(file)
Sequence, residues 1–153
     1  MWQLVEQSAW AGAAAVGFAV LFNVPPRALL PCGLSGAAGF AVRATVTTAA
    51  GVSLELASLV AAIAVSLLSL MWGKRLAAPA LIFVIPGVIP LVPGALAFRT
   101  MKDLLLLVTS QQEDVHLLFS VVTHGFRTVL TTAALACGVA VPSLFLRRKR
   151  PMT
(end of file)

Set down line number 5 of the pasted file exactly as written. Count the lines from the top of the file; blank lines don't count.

   151  PMT